Barbara A. Bichelmeyer
Photo: Brandon Parigo

Story: Patricia O’Dell

Survey says: Alumni envisioned year-round classes for all, multiple languages taught, more personalized teaching techniques and a complete overhaul of the public school system.

When asked in our survey which breakthrough they would most like to see by 2050, many alumni gave the same answer: quality education for all. And that’s not just School of Education graduates talking — alumni from schools across campus said the same thing.

As one graduate put it: “[I would like to see] everyone receive the best possible education. I currently pay to send my granddaughter to private school. The quality of education that she is receiving should be the standard, not the exception. It is my hope that UMKC, as an educational institution, will promote and share this dream.”

Interim Chancellor and Provost Barbara A. Bichelmeyer does share the dream of quality education for all. In fact, she spends a good part of her day talking about it. We sat down with Bichelmeyer to talk about the future of education and what’s next for UMKC.

Why do you say that higher education is in “its most significant transformational moment since its creation?”

For generations, colleges were gatekeepers, ensuring that only those deemed worthy got access to higher learning. Today, we have evolved into bridge-builders, bringing knowledge to everyone, in a variety of ways that make it possible for everyone to access it.

Those of us working in public institutions have an awesome responsibility: to ensure that our entire community has equal access to knowledge. The bridges we build must reach across the many divides in our society — racial, philosophical, social, economic, language and cultural.

How is the “traditional” college experience changing?

Job-specific training programs that don’t confer degrees are becoming more popular. The attraction is undeniable — you spend less than four years learning a trade and typically finish with less debt than someone earning a bachelor’s degree.

The nature of education and learning is very different now as well. The evolution of knowledge is so rapid. The demands of the workplace are evolving just as fast. Lifelong education is becoming the new norm. So we have to build strong and effective bridges to people at every stage of their lives.

What is the value of a four-year college degree?

A true college or university degree is more than just job training. We educate future citizens by providing a core curriculum that preserves and passes on our culture and values to the next generation.

Our graduates are engineers who appreciate great literature, physicians who attend and support symphony and jazz performances, entrepreneurs who are informed voters and involved citizens. Their lives are much richer and more rewarding as a result of their liberal arts education, and the value to society is immeasurable. That’s something that a programming boot camp simply cannot provide.

As technology evolves, why are traditional brick-and-mortar campuses still important?

The heart of an educational experience is to engage with other people in service of one’s own growth and development. That will always be most fully done when we are together, face-to-face, asking difficult questions and having challenging conversations. Technology and online programs allow us to get pieces of that, but not the full experience.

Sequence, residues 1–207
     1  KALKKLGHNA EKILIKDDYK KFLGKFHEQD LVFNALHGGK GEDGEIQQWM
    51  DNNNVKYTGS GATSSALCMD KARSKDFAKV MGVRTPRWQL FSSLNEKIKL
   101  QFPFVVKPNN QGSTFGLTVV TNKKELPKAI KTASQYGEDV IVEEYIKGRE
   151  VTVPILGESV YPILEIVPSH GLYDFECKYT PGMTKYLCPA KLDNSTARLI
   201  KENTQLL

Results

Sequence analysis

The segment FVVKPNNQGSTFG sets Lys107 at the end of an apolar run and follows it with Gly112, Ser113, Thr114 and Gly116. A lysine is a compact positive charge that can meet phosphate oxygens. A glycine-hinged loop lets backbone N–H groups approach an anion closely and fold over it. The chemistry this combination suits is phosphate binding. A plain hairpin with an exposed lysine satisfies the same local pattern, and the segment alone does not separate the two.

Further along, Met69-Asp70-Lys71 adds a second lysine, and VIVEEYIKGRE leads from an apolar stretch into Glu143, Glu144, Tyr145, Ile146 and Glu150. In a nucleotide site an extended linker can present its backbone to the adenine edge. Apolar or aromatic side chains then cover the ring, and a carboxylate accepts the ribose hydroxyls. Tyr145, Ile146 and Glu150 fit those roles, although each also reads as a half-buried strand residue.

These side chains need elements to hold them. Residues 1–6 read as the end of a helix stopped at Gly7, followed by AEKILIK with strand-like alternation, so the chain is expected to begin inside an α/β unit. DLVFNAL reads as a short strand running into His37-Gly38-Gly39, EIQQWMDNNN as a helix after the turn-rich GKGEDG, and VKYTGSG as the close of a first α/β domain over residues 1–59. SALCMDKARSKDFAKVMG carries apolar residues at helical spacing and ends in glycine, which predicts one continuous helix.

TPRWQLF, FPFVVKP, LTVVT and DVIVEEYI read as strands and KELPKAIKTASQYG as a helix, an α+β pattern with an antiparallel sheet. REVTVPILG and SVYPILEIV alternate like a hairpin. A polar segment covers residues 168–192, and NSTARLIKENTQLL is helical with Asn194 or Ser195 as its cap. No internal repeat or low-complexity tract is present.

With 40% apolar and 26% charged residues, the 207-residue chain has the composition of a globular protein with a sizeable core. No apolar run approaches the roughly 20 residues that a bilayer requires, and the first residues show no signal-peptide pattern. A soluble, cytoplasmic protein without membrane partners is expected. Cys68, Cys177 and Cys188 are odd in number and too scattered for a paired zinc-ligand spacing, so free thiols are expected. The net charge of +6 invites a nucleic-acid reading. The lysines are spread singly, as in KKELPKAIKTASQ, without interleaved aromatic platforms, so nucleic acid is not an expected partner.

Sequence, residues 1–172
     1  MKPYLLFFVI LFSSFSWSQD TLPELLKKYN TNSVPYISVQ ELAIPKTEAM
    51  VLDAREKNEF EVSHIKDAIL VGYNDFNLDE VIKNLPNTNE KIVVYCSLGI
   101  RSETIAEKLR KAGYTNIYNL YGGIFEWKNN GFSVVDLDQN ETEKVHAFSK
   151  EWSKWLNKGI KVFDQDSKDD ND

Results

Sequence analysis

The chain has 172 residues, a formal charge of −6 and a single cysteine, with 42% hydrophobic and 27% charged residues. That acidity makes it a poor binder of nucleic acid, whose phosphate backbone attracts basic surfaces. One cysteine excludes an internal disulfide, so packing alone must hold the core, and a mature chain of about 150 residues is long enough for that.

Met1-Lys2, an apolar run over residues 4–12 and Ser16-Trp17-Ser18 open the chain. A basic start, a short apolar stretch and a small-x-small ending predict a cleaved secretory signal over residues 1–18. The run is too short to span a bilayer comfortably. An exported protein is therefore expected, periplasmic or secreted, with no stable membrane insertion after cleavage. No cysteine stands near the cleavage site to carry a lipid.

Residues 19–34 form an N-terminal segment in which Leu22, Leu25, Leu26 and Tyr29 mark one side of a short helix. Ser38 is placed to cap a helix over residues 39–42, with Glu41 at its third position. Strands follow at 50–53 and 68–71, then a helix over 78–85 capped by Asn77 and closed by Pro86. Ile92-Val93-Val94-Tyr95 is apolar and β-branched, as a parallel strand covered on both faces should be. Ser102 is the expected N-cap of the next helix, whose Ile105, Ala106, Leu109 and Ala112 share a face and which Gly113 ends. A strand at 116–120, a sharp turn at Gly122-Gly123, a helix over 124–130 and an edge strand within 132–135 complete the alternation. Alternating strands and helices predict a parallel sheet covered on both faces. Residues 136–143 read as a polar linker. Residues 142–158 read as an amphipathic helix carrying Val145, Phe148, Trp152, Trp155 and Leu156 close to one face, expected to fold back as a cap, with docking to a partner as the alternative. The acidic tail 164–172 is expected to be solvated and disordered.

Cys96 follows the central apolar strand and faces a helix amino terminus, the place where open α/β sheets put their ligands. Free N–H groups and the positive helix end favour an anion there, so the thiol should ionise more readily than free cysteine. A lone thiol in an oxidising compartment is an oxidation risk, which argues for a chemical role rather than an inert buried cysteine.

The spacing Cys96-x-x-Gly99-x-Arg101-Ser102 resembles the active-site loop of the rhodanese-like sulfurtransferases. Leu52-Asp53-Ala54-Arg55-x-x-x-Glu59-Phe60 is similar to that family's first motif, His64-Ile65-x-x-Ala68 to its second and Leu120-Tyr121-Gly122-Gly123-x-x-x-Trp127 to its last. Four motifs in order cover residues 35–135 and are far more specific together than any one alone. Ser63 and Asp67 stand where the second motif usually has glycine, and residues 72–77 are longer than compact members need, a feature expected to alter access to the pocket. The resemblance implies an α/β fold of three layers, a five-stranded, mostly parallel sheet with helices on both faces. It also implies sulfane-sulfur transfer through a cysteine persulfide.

Online education isn’t, by definition, awful or great, and being in the classroom isn’t awful or great. It’s what happens in those spaces and formats that determines the quality of the education.

What is the value of a liberal arts education?

Liberal arts and sciences degrees teach students how to learn. We are preparing people not just for a job, but for a career; preparing them not just to make a living, but to live a life. That’s what liberal arts and sciences do better than any other workforce training does. It teaches people how to think critically, how to communicate with each other, how to consider the place of an individual in society, how to be creative, how to have a difficult conversation in which you might disagree. All of these are really important components of the human experience that are advanced through the liberal arts and sciences.

For UMKC, specifically, what do you think the future holds? What can alumni expect to see in the next decades?

What we are trying to create is a university where students have a more personalized learning experience and much more empowerment in their education. We will do better in supporting our faculty for growth opportunities — helping them learn how to teach and do research in this new space higher education is becoming. Learning is still, and always will be, a human enterprise. We have to find our best ways to support people in that.

When you look at these challenges, is it energizing and exciting, or daunting and exhausting?

Energizing and exciting. I built my career in telecommunications and tech, and I could see that tech was going to change the world, and it was certainly going to change education.

The question is: How can we leverage new technologies to create more personal learning experiences for students? Managing this change is sometimes daunting, but we have great people at UMKC — a phenomenal faculty, staff and leadership team, and a community that wants us to be the best we can be for our students. That commitment from the leaders in our region is exciting and humbling.

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